Swimming Safety

Avoiding Bacteria in Pools

The CDC has released the following recreational swimming tips to decrease the chances of bacterial contamination.

  • Try not to swallow the water.
  • Do not go into the water if you have diarrhea. You can spread germs in the water even without having an "accident."
  • Wash your hands and bottom thoroughly with soap and water after a bowel movement, or changing diapers. (Remember Poppy from Seinfeld who wanted to cook Jerry something special even though he didn't wash his hands after using the toilet? Yuck!) Germs on your hands can end up everywhere, including pool water.
  • Notify the lifeguard if you see fecal matter in the water, or if you see people changing diapers on tables or chairs near the pool area.

For Parents

  • Take your child to the toilet for frequent bathroom breaks. (Waiting until you hear "I have to go" may be too late.)
  • Change diapers in the bathroom, not near the pool or shoreline, because germs can contaminate surfaces around the water.
  • Wash your child thoroughly (especially his or her bottom) with soap and water before swimming.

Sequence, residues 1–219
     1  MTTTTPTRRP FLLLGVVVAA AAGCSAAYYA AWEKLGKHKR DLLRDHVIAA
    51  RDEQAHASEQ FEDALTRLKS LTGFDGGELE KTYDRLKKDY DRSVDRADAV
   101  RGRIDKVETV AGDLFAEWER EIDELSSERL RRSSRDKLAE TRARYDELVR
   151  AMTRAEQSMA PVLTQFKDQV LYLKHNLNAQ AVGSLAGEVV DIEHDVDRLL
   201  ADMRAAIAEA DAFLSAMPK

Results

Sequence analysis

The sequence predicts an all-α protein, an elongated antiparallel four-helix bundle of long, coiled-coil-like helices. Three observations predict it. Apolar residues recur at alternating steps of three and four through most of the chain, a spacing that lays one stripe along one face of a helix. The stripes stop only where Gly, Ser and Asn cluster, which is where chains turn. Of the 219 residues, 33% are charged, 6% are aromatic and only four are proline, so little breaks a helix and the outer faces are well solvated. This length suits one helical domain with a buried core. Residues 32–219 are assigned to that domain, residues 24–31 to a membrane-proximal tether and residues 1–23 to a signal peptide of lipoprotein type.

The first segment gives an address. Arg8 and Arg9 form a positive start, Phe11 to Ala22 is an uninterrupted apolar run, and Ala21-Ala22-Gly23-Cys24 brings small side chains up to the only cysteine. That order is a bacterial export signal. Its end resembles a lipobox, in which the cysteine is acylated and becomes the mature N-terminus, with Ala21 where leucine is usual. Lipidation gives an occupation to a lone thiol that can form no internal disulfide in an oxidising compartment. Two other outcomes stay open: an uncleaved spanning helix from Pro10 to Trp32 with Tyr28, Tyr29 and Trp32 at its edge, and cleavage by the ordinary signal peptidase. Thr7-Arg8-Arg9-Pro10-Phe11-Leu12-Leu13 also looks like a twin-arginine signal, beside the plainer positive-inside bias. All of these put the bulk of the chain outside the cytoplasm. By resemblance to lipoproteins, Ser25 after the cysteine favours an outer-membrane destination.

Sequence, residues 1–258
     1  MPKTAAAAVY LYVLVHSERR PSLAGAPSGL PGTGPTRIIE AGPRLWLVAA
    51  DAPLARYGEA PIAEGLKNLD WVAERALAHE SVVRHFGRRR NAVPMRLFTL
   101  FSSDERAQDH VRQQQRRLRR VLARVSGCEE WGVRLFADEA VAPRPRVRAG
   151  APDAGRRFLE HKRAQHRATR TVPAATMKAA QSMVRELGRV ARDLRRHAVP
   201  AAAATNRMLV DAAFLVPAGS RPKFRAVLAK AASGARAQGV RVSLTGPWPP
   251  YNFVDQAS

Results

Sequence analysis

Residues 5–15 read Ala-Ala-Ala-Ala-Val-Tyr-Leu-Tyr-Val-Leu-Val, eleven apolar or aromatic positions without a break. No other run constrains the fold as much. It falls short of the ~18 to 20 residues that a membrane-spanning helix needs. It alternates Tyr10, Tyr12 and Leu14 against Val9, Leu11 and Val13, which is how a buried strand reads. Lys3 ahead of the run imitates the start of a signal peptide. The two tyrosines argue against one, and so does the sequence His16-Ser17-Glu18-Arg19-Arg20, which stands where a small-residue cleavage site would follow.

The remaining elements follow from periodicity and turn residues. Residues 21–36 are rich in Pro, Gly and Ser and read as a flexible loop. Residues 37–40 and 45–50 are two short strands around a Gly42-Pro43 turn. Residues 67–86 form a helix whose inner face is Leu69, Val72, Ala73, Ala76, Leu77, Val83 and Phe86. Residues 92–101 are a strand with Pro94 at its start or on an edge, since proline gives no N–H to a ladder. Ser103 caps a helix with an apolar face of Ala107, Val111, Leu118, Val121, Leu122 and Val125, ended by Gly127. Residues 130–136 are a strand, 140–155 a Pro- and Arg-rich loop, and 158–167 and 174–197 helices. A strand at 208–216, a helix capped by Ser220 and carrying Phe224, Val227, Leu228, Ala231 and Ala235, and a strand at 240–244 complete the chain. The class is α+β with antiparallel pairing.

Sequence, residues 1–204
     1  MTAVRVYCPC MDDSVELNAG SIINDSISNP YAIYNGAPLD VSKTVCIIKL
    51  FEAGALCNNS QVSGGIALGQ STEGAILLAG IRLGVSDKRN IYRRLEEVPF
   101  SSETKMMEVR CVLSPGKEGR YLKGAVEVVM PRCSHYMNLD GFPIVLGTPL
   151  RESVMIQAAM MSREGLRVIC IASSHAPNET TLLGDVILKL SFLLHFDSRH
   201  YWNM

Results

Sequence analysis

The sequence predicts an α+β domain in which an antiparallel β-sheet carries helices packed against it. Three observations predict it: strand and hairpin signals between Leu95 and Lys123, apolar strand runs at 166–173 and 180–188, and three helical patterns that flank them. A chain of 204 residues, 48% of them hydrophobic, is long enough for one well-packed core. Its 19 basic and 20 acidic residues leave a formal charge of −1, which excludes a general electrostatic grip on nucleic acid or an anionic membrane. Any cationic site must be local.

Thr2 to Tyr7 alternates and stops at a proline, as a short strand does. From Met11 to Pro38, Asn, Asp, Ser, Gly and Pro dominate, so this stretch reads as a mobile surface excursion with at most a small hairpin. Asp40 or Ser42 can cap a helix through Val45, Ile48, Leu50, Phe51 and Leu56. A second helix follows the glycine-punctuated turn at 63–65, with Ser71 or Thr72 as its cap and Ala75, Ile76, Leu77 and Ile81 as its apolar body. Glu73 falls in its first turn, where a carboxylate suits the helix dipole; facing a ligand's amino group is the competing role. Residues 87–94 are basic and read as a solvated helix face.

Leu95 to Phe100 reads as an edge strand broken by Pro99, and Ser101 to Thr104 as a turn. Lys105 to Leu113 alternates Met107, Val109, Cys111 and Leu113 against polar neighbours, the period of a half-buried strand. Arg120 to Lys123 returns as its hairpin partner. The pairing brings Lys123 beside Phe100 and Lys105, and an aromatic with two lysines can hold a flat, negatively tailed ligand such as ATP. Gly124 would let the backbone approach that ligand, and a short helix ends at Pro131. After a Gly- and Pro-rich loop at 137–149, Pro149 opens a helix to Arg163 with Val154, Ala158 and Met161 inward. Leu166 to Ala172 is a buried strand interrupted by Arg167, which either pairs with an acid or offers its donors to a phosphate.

• Don't count on swim diapers or pants to keep fecal matter from leaking into the water. (These products are not leakproof.)

Look Before You Leap

Pool coloration can provide some key clues about water quality. Here are some warning signs that can indicate a water-safety problem:

  • Foamy buildup in a pool or spa means the water has organic contaminants — not a good thing!
  • A strange color. Pea green can indicate the presence of algae. A slight green or reddish-brown may mean copper, iron or other metals in the water, possibly indicating plumbing or other problems.
  • Pink slimy stuff around railings or edges. This may actually be bacteria and indicate the pool chemicals are out of whack.

Lastly, avoid swimming in the ocean for at least 24 hours after a heavy rain because storm-water runoff from the streets and drainage areas may wash pollution into the water. Also avoid swimming near pipes which act as water-runoff outlets from land-based areas. Hanging out in such water holes is like washing yourself with water used to clean your kitchen floor.